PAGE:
Find a trusted contractor who you know can complete the job and do it with the project-specific challenges in mind, rather than needing to find a subcontractor to do the works each time, or requesting the concreter to complete it as they go. This is so that various and unexpected issues such as access and compatibility don’t hinder the project – you should be able to turn to this contractor for any project, knowing they will be able to complete the works well as a result.

Unhindered supply is another factor to having a systemised approach – a sure supply of the necessary product will mean that risk of holdup is lower, and substandard products are not used as a stop-gap measure.

 

It’s possible to have these two aspects dealt with in one hit – a single supplier and installer, who can be relied on to have the means to complete the job every time, and with less difficulties for future trades – they may even cover their works with a project-specific warranty, providing assurance of lower risk of works.

 

Staying as is…

If any of the earlier methods of concrete curing are you or your company’s go-to, because of custom, ease-of-use, or price, it may seem unneeded to consider changing – this could result in a missed opportunity of time and cost saving for the company and project, though.

Using a system of curing that involves flexibility with site-access, and easier, faster application – this in turn results in lower downtime both in the process, and in the construction of the building.

We’d like to offer a method of curing that is supplied and installed by a single contractor, and warranted by the same, that consists of simple treatment, rapid clean-up if necessary, and QA conducted by the team onsite and reviewed by the Operations team in the office.

This method of curing and sealing with a systemised contractor has seen use on numerous multi-level car parks, where faster curing timeframe and accessibility has been valued by the site manager and building team. If the right system is used, you can even avoid the tyre squeal and slippage disliked by car park users and building tenants.

A single system such as INFRA-TECT, used on car parks during curing stage – even retro-applied! – will ensure that obstacles identified during construction can be overcome at the same time as proactively protecting the car park for the years of wear to come.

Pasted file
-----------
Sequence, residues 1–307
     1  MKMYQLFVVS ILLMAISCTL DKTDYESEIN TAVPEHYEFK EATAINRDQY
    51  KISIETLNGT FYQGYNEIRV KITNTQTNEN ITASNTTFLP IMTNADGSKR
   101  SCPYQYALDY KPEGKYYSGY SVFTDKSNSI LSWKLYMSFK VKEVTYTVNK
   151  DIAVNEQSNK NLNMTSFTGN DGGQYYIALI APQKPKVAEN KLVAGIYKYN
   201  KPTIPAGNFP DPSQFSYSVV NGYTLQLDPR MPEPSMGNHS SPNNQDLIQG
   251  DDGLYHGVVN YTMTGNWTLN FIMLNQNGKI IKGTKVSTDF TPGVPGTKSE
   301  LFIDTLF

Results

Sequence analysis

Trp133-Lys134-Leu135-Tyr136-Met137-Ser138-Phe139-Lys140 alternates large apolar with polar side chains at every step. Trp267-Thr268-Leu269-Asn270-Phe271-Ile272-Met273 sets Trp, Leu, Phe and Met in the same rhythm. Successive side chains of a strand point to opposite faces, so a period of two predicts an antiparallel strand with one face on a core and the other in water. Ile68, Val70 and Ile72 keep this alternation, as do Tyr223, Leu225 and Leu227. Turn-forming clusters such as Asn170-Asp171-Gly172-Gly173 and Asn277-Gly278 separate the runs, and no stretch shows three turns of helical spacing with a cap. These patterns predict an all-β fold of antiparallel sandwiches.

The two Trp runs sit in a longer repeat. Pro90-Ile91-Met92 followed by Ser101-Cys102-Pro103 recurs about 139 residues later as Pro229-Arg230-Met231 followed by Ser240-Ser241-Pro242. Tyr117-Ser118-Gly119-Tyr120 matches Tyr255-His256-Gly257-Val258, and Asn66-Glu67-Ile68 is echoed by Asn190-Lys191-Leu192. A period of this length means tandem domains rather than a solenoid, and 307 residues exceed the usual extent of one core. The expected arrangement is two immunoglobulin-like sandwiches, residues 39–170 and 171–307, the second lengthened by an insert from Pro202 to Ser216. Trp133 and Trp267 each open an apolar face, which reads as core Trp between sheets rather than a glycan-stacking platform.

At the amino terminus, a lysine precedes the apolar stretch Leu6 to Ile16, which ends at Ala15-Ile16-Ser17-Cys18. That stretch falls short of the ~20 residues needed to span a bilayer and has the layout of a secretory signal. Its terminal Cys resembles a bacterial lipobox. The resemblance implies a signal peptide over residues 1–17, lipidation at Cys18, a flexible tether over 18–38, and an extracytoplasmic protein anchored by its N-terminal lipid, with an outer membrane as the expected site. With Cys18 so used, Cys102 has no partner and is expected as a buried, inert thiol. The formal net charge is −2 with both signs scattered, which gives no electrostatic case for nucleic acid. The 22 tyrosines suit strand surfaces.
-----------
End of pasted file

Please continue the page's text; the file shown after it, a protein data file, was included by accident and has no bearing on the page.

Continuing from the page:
Berwick multi level car park cranes e1700115674725
Berwick VIC multi-level car park

 

Addressing Construction requirements and Long-term use

Combine your immediate needs during construction with the long-term requirements of car parks exposed to the elements!

What we would like to show is that proactive protection to increase concrete durability can be done at the same time as you meet the curing specifications, with a single system, supplied and applied by one contractor.

 

What goes on in car park concrete over time could be likened to concrete in harsh conditions such as marine environments or acidic areas – abrasion from tyres, and contamination from exhaust fumes both shorten the life span of the concrete in the structure.

 

So to ensure maximum service life from Day 1, these aspects need to be taken on board as well. It can prevent the need for the asset owner to get into an early and ever-tightening maintenance cycle.

It’s worth choosing the complete system – INFRA-TECT – to meet your specifications on the next project. It is implemented quickly onsite, and the area can be returned to use without risk of mess or defect quickly after application.

It makes for easier car park concrete construction, with less issues of compatibility or access.

 

The downloadable information is available in the document library below – have a look through and consider using this time-saving system on your next project!

 

Got a specific project challenge? Get in touch!

 

(Top image: Northern Hospital multi-level car park, Epping VIC)